Though most of the story alternates between the POV of Mary Elizabeth and William, we get a glimpse into other characters thoughts, which I found to be too much.  There's a villain, but he comes up at random parts of the story and so infrequently that I kept forgetting about him.  

The story overall is fine, and I like the themes of faith and trust woven in, however, it failed to keep me engaged and just seemed to drag on.
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I have read very little books that take place in this period in history, so I was thrilled to pick it up and try something new!  Woodhouse does a great job of providing background/history while still writing a captivating and engaging story.  Looking forward to reading her next book!
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I received a copy from NetGalley; this is my honest review. #TheMayflowerBride #NetGalley
-Despite their young age, William and Mary Elizabeth make a great couple but I only saw friendship not love, certainly not lust or anything else.
-Lots of details of the hardship of the voyage, more drama than I cared for, not enough interaction between the people on the ship but a great deal of grief.
-I'm not sure what the problem was with the author and "and vs. &" specifically while quoting verses but really it seems disrespectful. If she wanted to save space why not breathe or whisper a prayer without actually writing the whole thing or stopped quoting the Bible while (maybe) giving up the reference - I have my own Bible, I can check it out myself. I calculated about a dozen pages or more lost to quotes, prayers and sermons and that's too much. Fortunately the author exchange "and" for "&"!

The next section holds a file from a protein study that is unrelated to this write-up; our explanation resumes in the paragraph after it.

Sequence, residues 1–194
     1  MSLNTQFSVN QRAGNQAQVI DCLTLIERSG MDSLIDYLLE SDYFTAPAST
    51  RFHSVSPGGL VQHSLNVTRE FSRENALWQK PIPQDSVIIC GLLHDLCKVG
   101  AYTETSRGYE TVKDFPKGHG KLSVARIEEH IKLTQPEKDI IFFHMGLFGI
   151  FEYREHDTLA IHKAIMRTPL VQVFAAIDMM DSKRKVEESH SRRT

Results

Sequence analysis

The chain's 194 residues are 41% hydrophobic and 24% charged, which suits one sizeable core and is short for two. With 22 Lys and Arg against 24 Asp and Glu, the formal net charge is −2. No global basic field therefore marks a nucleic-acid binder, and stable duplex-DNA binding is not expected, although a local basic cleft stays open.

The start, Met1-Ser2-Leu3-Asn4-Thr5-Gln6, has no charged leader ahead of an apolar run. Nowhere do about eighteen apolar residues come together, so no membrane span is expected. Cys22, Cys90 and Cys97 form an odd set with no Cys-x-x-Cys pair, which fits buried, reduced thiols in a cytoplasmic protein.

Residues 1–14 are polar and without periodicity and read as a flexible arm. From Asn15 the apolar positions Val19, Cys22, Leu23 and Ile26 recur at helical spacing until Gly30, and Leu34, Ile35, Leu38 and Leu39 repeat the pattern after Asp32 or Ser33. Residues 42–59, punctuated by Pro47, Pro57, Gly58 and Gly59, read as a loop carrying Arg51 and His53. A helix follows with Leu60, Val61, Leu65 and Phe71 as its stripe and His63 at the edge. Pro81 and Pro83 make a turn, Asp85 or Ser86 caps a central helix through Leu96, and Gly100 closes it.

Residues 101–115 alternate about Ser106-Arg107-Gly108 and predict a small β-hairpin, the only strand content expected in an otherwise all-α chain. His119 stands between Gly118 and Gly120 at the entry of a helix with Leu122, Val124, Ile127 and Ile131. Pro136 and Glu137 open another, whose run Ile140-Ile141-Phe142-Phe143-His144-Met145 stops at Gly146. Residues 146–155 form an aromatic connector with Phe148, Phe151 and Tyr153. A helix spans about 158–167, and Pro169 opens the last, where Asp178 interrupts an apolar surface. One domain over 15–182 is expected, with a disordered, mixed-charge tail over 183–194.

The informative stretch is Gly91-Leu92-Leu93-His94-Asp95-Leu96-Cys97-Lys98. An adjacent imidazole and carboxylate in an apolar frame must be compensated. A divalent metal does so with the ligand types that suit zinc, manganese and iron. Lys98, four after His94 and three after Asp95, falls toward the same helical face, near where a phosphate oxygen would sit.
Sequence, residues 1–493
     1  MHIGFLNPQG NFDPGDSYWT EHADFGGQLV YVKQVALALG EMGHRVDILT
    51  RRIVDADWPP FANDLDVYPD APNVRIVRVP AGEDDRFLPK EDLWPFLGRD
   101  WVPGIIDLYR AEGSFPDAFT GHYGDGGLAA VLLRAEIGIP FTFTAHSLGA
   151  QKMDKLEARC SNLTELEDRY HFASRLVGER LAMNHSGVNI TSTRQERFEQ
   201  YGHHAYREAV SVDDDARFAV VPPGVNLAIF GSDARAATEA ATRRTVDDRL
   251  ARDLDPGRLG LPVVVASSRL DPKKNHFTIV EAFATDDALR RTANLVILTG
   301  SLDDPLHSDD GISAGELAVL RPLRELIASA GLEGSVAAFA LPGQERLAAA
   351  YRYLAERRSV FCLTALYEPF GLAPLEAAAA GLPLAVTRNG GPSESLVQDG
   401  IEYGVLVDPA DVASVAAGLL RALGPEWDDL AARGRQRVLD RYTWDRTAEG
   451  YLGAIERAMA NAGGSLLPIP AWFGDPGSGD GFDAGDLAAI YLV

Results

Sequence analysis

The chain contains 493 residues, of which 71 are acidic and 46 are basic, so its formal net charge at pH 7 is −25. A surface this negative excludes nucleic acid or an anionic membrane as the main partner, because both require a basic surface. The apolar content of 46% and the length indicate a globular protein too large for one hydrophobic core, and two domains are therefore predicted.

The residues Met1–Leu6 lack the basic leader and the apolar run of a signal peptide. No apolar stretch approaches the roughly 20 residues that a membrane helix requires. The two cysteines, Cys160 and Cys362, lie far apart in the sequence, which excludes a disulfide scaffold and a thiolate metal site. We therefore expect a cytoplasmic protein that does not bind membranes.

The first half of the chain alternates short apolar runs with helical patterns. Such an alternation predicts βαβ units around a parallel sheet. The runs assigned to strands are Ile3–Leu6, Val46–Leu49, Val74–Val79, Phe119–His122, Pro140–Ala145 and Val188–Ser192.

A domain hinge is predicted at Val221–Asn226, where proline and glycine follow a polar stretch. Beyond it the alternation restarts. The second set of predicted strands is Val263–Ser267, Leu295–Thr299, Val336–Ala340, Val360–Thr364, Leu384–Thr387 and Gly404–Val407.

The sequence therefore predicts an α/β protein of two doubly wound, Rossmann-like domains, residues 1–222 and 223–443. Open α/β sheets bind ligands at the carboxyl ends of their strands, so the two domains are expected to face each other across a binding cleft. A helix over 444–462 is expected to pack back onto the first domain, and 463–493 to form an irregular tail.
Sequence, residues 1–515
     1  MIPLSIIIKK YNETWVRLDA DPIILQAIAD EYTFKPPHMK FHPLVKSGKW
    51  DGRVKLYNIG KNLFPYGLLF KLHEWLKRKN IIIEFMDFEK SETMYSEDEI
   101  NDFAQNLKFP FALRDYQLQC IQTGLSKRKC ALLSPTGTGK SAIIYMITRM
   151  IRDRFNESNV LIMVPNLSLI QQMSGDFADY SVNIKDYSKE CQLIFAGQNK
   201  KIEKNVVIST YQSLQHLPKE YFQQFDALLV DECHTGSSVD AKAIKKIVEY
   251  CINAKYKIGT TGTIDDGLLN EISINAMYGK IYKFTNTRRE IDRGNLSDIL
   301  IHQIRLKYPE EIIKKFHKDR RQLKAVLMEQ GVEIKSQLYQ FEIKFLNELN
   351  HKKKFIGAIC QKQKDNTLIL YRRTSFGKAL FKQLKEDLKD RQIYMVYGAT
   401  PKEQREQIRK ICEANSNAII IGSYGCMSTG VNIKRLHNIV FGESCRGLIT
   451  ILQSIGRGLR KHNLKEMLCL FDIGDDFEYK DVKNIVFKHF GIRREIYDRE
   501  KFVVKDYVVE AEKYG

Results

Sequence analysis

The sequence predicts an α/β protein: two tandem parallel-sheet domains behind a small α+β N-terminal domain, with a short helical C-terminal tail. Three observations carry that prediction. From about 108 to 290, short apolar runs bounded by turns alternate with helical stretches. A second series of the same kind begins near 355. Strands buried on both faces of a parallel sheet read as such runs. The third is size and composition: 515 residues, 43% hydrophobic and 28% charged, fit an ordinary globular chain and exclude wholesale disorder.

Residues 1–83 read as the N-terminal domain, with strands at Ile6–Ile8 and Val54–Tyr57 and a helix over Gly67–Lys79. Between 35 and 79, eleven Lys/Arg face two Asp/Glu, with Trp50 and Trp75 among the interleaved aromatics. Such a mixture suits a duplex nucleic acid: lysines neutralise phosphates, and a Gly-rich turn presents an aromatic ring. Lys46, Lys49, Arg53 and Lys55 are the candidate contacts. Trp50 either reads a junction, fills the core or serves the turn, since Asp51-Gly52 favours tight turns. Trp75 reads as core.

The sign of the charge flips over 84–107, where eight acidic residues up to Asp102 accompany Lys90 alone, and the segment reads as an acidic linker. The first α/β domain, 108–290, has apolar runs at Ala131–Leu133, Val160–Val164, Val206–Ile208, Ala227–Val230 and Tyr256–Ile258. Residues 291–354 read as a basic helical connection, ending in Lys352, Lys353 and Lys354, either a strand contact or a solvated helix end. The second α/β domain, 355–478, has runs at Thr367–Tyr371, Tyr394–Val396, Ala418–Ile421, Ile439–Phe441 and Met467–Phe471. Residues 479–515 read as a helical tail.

-Then another 3 pages wasted for the copy of the agreement with the Natives and all the signatures (was that really necessary to the story?).
-The author herself gives a spoiler at the beginning of the book by saying that Mary Elizabeth's father will die. Other than that, I'm not sure what those lists were for as they didn't help at all during the reading of the story.
-The book, deemed an historical romance, felt more like a research paper to be given to a professor.
-This is my first book with this author and doesn't encourage me to read more from her. I'm hoping the next book will be better since I know the author.
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Although good, this book didn't grab my attention as much as I'd hoped.  The story is good.  The concept is great.  Personally, I just had a tough time getting into the book.